2018 Garden Symposium: Seed Saving

Saturday, April 7, 2018 -
9:00am to 5:00pm

Discover the joys, benefits, and importance of saving seeds from your garden at the 2018 OSV Garden Symposium!

Location: Fuller conference Center at Old Sturbridge Village

Cost: $50.00 for non-members, $40 for members (Lunch is available for an additional $15.00, see below for lunch options)

Registration is required. Register here.


Speakers:

Hannah Traggis is the Senior Horticulturist and an educator at Massachusetts Horticultural Society. Raised by a horticulturist, her lifelong love and pursuit of plant biology have led her to formal academic training in marine botany and plant breeding. She is currently a master's candidate in Plant Physiology at the University of New Hampshire where she also taught Botany and the ethnobotany course, Plants, and Civilizations. Through her work at Mass Hort, Hannah can be found alongside our gardens curator planning and cultivating our many gardens and shaping them to more fully serve our century's old educational mission. Teaching to her many horticultural passions, she shares her experience and knowledge on subjects ranging from organic agroecology and food production to engaging children and teens through garden-based school programs.    

Gretel Anspach is a Trustee of the Massachusetts Horticultural Society, a Lifetime Master Gardener with the Massachusetts Master Gardener Association, and a recently-retired systems engineer for Raytheon.  She has volunteered sporadically for the New England Wildflower Society as an adult’s and children’s guide. She considers her horticultural interests to be eclectic.  Gretel helped to establish and maintain two food production gardens that have provided fresh produce to the Marlboro Food Pantry for the last eight years.

Christie Higginbottom is a Garden Historian and Consultant. Christie has worked in the gardens at Old Sturbridge Village for over 30 years. Preserving heirloom vegetables, fruits, herbs and flowers – the essence of the museum gardens’ living collections – is a critical component of this work.


Workshops:

Participants will be asked to choose one morning and one afternoon workshop at registration on the day of the event.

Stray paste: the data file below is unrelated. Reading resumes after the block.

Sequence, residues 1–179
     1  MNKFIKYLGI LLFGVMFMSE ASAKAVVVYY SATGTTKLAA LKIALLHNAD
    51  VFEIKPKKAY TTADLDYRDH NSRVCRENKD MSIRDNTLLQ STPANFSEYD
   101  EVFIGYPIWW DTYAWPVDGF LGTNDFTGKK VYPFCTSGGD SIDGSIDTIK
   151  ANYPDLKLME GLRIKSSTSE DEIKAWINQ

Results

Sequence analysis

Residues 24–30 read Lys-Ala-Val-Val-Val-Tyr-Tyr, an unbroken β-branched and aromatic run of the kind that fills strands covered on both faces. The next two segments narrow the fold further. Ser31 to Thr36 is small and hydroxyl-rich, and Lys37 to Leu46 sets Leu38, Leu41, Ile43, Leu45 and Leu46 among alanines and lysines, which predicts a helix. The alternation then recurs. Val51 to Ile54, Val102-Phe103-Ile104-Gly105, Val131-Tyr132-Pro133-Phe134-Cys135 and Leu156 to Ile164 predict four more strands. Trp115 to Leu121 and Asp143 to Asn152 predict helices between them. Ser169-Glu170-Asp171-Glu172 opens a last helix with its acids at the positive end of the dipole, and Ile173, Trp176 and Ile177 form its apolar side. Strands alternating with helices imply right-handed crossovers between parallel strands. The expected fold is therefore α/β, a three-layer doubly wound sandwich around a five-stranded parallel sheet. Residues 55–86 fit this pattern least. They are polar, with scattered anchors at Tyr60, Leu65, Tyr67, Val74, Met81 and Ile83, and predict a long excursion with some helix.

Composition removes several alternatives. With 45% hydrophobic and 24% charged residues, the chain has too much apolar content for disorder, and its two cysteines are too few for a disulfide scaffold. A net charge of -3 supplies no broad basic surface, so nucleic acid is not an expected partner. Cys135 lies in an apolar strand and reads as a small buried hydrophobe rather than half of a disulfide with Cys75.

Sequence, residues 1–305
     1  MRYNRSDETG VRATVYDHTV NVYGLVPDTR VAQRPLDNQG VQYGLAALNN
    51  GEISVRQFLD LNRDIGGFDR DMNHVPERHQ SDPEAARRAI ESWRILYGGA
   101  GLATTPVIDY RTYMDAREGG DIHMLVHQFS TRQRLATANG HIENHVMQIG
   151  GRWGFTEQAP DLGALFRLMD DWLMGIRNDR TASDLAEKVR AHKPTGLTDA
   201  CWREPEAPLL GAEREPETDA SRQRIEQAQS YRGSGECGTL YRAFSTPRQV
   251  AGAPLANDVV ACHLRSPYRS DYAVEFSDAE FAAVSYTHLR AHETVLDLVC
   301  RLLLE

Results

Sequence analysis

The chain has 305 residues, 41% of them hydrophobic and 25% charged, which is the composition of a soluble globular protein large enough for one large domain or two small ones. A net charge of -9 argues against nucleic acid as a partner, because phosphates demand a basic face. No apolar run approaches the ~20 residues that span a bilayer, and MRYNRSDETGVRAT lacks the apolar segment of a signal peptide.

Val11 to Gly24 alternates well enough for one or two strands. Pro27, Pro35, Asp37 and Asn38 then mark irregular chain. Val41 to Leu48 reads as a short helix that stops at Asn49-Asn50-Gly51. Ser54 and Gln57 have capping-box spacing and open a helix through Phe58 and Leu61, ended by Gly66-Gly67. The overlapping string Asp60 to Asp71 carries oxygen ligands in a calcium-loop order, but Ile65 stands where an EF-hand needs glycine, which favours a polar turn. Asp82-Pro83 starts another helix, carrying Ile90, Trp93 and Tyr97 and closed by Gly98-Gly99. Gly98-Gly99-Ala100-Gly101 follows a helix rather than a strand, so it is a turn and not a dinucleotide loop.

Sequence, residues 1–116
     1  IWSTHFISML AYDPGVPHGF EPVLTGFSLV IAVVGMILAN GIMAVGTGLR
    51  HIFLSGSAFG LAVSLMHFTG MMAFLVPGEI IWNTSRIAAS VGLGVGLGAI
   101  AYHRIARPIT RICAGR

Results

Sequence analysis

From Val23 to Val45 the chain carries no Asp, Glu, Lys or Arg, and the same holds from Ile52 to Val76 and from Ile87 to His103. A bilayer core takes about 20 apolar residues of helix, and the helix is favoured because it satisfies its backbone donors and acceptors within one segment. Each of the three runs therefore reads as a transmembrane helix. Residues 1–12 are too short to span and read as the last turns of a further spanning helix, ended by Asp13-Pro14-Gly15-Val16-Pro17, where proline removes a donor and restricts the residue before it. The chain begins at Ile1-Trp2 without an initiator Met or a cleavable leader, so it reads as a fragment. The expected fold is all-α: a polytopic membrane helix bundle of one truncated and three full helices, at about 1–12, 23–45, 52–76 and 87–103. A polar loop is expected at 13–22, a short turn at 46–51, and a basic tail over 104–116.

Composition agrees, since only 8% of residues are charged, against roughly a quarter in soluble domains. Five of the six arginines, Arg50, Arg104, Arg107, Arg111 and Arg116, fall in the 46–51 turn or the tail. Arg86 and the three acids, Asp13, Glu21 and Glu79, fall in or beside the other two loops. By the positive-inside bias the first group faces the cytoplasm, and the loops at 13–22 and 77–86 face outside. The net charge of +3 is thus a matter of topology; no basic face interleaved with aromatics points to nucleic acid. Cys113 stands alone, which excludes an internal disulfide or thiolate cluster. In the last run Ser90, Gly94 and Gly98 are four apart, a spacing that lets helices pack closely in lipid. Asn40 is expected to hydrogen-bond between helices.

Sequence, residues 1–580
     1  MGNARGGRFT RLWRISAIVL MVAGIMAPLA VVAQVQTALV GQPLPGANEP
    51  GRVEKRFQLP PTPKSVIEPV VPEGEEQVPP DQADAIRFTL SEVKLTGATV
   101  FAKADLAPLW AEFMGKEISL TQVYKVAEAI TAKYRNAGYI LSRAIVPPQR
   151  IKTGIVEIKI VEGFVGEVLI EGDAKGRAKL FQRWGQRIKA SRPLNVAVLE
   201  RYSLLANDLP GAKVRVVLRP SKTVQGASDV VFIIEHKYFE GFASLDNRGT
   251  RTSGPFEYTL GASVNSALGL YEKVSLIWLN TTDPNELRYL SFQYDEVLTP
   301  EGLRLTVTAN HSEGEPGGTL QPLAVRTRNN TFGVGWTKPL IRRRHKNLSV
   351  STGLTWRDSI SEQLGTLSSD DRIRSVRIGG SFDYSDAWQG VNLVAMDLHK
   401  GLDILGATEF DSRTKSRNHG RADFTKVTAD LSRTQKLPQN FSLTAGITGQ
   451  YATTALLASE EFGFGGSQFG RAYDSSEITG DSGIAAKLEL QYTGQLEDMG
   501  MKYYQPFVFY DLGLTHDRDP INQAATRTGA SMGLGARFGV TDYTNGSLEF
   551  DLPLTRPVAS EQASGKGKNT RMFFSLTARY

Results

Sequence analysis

Morning Workshop Options:

  • 19th-Century Seed saving: Visit the Freeman Root cellar and learn to plant a seedbed.
  • "What you need to know about a plant to successfully save its seeds". Topics to be covered will include selecting varieties for seed saving, determining the life cycles of common plants, understanding pollination, and isolation techniques, and judging seed ripeness.

Afternoon Workshop Options:

  • Threshing, winnowing, conditioning and extracting seeds from the fruits within which they were created.
  • 19th-Century Seed saving: Visit the Freeman Root cellar and learn to plant a seedbed
  • "What you need to know about a plant to successfully save its seeds".  Topics to be covered will include selecting varieties for seed saving, determining the life cycles of common plants, understanding pollination, and isolation techniques, and judging seed ripeness.

Schedule (Subject to Change):

9:00-9:30 Registration

9:30-9:45 Overview of the day, Introduction of speaker by Ruth diBuono

9:45-10:45 Lecture by Hannah Traggis

Talk Description: Seed is the fundamental unit of our food system and has the potential to represent our respective cultural histories as precious varieties are often passed down from generation to generation as heirlooms. Man has been cultivating plants and developing crop varieties for human usage for over 20,000 years, amassing an enormous amount of genetic potential within the crops we grow. Until 100 years ago, these crop varieties were all open pollinated; that is that they are grown as populations and can intermate within that population yielding seed that can subsequently be grown out true to the parent generation. A few key developments in the past 100 years of agronomy and cultivar research has lead to the creation of modern hybrid varieties which comprise most of the food offered to us in grocery stores. Yet, the inherent genetic diversity within the open-pollinated varieties holds an important key to agriculture, food security, ecological stability and mitigating the effects of our changing climate. This talk will discuss the case for preserving the genetic diversity in our food system through mindful stewardship of our heirloom and open-pollinated varieties, which is compelling for many reasons.

10:45-11:00: Break

11:00-12:30 Workshops (see above)

12:45-2:00 Lunch

2:00-2:45: Lecture by Gretel Anspach

Talk Description: During this presentation we will talk about the reasons for saving your own seeds and learn some of the basic techniques for ensuring genetic purity. We will include discussions about the home garden plants from which seeds can be easily saved and stored for future use.

2:45-3:00 break

3:00-4:30 Workshops (see above)

4:30-5:00 Wrap up: discussion led by Ruth diBuono


Lunch Options:

Lunch is available for an additional $15.00 when you register. All sandwiches include bag of potato chips, whole fruit, OSV cookie and bottled soda or water.

  • Roast Turkey, Swiss Cheese, Smoked Bacon, Lettuce, Tomato & Honey Mustard on Ciabatta
  • Roast Beef, Bleu Cheese, Watercress & Dijon Mustard on Multi Grain Bread
  • Fresh Mozzarella with Tomato, Basil & Olive Oil on Ciabatta

If you have any questions about this program, please contact Ruth at rdibuono@osv.org or 508-347-0335.